When I first became a Freemason in 1986 I was surprised to learn that Roman Catholics were forbidden to join, even though we had a few defiant Catholic members. After many years of puzzlement I decided to dig deeper to see if I could find a plausible reason. It all began in 1738 when Pope Clement XII issued the Papal Bull “Il Eminenti” condemning Freemasonry; but why? Some books cite politics of the time, namely Jacobites and Hanoverians. However, this article concentrates on the many challenges to the Roman Catholic doctrine over many centuries, leading up to the formation of speculative masonry, then to a speech made by a gentleman Freemason and Roman Catholic, Andrew Michael Ramsay, and finally to the Papal Bull itself. As an insider I have full knowledge of our current rituals, but as an amateur historian there is limited knowledge of masonic ritual in 1738, but what is certain then and now is that religion, along with politics, is a strictly banned subject at our meetings, but all regular Freemasons must have a belief in God. In an attempt to be as brief as possible I have linked some of the history to the Encyclopaedia Britannica
Since Clement XII’s first Papal Bull against Freemasonry there has been about 25 more (some suggest less); I have yet to read them all. The last Papal Bull was in 1983 under Pope John Paul II, at least this one actually lessened the punishment.
A journey through time.
Whilst reading through, try to set your mind to those living in these specific times, they were very different to today’s living.
Freemasonry began in Britain, no one can be sure of an exact date as it was an evolving philanthropic society, but it didn’t begin until at least the 16th century as documents in Scotland suggest. Christianity, however, entered Britain in the1st century AD (CE) and had to compete against the pagan cults of the time, but unlike the cults of Rome, Christianity demanded exclusive allegiance from its followers, which upset the authorities in Rome and led to persecutions, so Christians had to meet in secret!!!
Next we entered the ‘Dark Ages’ as the Roman Empire fell and Europe was left to its own devices until the formation of the Holy Roman Empire, a time when the Roman Catholic Popes had control over Western Europe’s rulers.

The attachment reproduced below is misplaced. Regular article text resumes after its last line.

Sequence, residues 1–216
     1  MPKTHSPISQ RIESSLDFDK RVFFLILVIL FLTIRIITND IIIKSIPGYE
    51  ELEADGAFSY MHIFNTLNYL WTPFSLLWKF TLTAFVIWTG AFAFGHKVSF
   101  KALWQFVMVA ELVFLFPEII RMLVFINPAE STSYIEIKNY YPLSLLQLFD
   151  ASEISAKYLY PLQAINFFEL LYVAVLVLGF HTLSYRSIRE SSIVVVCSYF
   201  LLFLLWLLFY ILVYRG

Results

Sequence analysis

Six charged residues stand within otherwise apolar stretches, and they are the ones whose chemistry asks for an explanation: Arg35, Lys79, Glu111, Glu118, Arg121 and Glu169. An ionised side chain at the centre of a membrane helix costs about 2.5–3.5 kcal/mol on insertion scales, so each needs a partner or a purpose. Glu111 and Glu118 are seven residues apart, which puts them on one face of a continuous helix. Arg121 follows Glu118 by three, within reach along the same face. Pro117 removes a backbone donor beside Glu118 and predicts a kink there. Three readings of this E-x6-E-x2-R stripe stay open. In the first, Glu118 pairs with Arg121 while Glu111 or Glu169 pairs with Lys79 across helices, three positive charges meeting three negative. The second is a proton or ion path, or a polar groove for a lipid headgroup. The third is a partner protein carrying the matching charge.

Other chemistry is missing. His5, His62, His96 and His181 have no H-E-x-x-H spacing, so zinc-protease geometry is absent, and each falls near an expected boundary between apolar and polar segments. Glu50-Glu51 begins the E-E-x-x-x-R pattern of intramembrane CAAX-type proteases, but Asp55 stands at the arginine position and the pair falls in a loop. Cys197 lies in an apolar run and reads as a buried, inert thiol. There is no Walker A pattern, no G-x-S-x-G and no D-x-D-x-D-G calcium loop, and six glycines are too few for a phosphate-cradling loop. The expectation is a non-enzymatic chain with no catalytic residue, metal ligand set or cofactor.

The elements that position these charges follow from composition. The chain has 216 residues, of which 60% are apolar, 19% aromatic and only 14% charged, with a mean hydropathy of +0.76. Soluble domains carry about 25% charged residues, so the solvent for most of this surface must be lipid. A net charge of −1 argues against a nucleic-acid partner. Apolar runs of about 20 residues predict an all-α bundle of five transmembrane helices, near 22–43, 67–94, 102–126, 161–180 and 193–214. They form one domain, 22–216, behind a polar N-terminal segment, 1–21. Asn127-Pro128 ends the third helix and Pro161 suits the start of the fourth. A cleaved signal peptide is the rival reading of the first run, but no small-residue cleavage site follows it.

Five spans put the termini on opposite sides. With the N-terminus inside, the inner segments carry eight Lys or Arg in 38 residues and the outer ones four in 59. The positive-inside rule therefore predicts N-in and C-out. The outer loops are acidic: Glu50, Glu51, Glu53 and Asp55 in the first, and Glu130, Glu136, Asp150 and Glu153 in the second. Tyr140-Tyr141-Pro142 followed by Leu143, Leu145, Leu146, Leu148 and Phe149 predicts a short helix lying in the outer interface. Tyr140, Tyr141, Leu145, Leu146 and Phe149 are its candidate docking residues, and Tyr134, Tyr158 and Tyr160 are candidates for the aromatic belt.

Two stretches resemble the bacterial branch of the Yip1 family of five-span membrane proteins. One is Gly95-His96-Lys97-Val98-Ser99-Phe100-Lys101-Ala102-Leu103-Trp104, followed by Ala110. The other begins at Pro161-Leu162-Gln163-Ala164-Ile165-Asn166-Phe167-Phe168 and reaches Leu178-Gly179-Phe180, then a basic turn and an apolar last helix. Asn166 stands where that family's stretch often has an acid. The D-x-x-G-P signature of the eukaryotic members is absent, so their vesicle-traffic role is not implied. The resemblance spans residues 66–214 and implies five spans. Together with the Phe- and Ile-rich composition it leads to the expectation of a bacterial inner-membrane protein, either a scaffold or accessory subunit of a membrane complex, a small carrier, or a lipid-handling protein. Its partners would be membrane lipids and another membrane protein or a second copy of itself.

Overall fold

Our journey through time will pause and take a brief look at a few areas where rifts appeared in the Roman Church as, in the heart of Europe, a serious threat faced Christendom; heresy! This was viewed in the medieval world not as benign religious diversity but rather as a cancerous threat to the salvation of souls. The Albigensian Crusade (1209 – 1229) involved Pope Innocent III against the Cathari, a dualist** religious movement in southern France that the Roman Catholic Church had branded heretical. This crusade was held to be even more dangerous than the faraway Muslims, because it harmed the body of Christ from within. See: https://www.britannica.com/event/Albigensian-Crusade
**Dualism, in religion, the doctrine that the world (or reality) consists of two basic, opposed, and irreducible principles that account for all that exists.
Fast forward to the 16th Century and we reach the Reformation. The greatest leaders of the Reformation undoubtedly were Martin Luther and John Calvin. Martin Luther precipitated the Reformation with his critiques of both the practices and the theology of the Roman Catholic Church. John Calvin was the most important figure in the second generation of the Reformation, and his interpretation of Christianity, known as Calvinism, deeply influenced many areas of Protestant thought. Other figures included Pope Leo X, who excommunicated Luther; the Holy Roman emperor Charles V, who essentially declared war on Protestantism; Henry VIII, king of England, who presided over the establishment of an independent Church of England; and Huldrych Zwingli, a Swiss reformer. See: https://www.britannica.com/event/Reformation